Offered by RM Sotheby’s | Monterey, California | August 13-14, 2021
It requires a lot of money to successfully to take on the establishment in the world of auto racing. And even then success is not guaranteed. In the case of the Scarab, there was certainly money behind the effort. Lance Reventlow was the sole heir to the Woolworth fortune.
Venice, California, was home to Reventlow Automobiles Incorporated, builder of the Scarabs. There were both Scarab sports cars and open-wheel cars, including one that raced at the 1960 Formula One U.S. Grand Prix. Since that didn’t go so well, and because new rules came about in 1961, Reventlow decided to focus his efforts to less restrictive forms of open wheel racing.
This car was fabricated by Phil Remington based on a design by Eddie Miller, nephew of Harry Miller. It was fitted with a Buick/Oldsmobile 3.0-liter V8 breathing through four Weber carburetors for an output of about 300 horsepower. It took aim squarely at the new Intercontinental Formula rules.
But then the rules changed again, and this car was ineligible. Instead, this Scarab entered a 1962 Formula Libre race in Australia. With driver Chuck Daigh, the car finished fourth after drivers Jack Brabham, John Surtees, and Bruce McLaren – and ahead of Stirling Moss.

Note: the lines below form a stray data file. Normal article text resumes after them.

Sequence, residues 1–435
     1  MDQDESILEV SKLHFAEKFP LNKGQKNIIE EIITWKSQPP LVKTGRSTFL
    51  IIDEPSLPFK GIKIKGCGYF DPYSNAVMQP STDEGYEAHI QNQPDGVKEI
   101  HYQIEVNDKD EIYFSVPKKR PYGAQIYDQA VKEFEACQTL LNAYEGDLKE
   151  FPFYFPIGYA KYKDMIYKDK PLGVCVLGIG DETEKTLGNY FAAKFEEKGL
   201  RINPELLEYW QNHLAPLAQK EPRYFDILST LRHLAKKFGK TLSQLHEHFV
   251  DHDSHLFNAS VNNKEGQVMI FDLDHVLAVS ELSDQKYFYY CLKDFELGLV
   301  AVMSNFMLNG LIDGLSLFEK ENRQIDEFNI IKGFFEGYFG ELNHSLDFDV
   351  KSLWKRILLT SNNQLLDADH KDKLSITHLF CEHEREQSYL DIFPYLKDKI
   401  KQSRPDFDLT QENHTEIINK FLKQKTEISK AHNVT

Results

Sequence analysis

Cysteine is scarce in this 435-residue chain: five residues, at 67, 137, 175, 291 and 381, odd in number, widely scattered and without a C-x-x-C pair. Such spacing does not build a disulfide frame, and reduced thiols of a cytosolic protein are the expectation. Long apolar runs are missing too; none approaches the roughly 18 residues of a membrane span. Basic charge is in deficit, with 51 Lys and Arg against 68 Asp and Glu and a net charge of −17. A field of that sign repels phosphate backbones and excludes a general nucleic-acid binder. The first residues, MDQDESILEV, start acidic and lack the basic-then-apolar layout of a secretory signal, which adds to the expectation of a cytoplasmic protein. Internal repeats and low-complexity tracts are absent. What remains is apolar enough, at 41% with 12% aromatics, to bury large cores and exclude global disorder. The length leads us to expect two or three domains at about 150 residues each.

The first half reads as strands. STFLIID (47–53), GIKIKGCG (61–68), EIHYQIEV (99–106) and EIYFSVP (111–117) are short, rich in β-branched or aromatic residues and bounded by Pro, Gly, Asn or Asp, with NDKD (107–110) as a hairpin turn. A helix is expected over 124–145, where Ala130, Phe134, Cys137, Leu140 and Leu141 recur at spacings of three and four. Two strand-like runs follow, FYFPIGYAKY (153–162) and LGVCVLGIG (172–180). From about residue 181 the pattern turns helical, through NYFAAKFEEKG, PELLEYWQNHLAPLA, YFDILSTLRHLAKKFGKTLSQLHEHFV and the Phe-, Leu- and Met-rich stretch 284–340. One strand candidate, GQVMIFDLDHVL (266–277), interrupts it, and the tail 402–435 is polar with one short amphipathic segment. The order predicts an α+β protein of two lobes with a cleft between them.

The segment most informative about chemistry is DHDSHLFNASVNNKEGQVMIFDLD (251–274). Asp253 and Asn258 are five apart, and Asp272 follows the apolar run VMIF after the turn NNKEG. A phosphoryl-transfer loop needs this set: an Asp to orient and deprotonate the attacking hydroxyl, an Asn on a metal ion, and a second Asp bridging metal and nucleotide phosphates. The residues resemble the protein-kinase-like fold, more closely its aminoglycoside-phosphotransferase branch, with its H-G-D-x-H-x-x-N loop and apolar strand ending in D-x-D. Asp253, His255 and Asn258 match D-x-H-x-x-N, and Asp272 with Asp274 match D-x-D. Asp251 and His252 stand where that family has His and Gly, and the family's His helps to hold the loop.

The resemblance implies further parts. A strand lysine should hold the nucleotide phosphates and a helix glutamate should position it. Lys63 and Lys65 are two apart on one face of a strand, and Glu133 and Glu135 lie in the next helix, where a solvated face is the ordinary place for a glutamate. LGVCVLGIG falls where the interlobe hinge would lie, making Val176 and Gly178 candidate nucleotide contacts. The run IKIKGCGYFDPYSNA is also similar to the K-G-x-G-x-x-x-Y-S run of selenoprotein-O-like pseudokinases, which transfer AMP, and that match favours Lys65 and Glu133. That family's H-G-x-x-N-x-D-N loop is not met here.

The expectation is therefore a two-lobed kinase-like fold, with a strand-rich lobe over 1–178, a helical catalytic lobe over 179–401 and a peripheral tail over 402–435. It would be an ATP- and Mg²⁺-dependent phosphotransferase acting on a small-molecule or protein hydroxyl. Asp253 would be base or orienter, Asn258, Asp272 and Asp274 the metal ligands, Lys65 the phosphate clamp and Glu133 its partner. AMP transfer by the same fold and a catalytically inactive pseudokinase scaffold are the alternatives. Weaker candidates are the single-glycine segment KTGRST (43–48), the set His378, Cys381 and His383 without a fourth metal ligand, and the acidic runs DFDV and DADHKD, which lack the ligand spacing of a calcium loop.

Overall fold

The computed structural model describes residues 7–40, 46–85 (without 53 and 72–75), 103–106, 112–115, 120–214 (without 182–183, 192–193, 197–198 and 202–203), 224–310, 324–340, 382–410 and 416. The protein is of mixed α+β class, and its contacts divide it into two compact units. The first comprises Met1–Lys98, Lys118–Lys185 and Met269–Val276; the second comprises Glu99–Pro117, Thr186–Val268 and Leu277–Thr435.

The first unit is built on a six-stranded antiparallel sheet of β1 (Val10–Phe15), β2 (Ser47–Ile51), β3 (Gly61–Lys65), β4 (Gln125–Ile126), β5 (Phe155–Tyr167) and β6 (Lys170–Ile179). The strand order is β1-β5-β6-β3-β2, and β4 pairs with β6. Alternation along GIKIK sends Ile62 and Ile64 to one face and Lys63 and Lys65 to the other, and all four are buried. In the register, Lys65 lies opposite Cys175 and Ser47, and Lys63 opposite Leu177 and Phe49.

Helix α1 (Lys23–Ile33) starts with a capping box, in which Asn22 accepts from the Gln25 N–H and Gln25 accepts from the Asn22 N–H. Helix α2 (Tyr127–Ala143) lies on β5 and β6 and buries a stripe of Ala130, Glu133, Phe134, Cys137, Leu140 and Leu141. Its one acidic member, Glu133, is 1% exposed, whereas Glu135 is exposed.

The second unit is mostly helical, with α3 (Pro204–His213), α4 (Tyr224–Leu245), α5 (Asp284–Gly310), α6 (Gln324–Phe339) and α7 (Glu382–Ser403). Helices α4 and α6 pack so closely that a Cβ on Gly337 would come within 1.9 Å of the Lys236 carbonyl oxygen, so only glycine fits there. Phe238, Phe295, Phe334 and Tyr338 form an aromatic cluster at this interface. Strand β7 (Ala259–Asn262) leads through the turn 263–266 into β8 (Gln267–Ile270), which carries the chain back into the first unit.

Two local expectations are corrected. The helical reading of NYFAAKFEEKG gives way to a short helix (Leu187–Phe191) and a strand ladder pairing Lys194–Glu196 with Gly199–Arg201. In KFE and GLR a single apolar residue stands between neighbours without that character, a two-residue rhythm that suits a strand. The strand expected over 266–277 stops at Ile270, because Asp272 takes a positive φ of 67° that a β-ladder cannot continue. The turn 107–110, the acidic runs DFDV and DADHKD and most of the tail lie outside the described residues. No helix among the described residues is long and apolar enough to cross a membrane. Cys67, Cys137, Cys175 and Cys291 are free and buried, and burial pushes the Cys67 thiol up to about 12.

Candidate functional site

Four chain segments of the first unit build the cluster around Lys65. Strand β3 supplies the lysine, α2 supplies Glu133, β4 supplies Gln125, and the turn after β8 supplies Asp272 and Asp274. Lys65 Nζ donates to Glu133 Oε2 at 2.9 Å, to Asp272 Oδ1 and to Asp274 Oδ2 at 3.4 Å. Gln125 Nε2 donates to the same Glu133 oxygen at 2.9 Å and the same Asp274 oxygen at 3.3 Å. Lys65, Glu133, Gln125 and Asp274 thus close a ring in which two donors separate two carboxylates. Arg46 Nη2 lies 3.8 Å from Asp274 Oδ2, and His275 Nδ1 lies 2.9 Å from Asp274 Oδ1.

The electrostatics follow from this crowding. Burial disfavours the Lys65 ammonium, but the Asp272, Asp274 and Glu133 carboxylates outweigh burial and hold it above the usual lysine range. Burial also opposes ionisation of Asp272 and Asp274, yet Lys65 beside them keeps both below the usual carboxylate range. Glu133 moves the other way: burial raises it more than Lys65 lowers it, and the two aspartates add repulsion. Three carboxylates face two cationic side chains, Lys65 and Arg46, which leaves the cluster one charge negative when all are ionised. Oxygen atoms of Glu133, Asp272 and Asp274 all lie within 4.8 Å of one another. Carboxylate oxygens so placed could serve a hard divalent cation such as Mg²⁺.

It was restored in 1997 and has since participated at both the Goodwood Festival of Speed and Hillclimb. You can read more about it here and see more from this sale here.
Offered by Bonhams | Goodwood, U.K. | September 12, 2015
Photo – Bonhams
Lance Reventlow. He was an American born in London. He was also an heir to the Woolworth fortune. His step dad won the Targa Florio. These things were the perfect storm for an American forming his own Formula One team.
Scarab was the name of the cars that were built between the late 1950s and early 1960s. They were designed by Tom Barnes and Dick Troutman and financed and raced by Reventlow (other guys raced the cars, too). The front-engined open-wheel cars were built for the 1960 Formula One season and it didn’t go well because the rear-engined revolution was already under way. Scarab only had one start in Formula One: 10th place at the 1960 U.S. Grand Prix with driver Chuck Daigh (although the tried to compete in two other races, one a twin DNQ and one a twin DNS).
After that, they campaigned the car in International Formula racing at races at places like Goodwood. But sports cars were their mainstay. Originally, this car was powered by a Scarab-designed, Offenhauser-style straight-four but it now has a 3.6-liter Offenhauser straight-four – one of only 55 such engines built.
This car is historic event eligible and has definitely been used, even though the restoration is great. The car is coming from a collection of Scarab cars, with one more assembled F1 car among them (of three built). American-built F1 cars are very rare and while this car wasn’t dominant, it is a piece if history. It should bring between $1,100,000-$1,500,000. Click here for more info and here for more from this sale.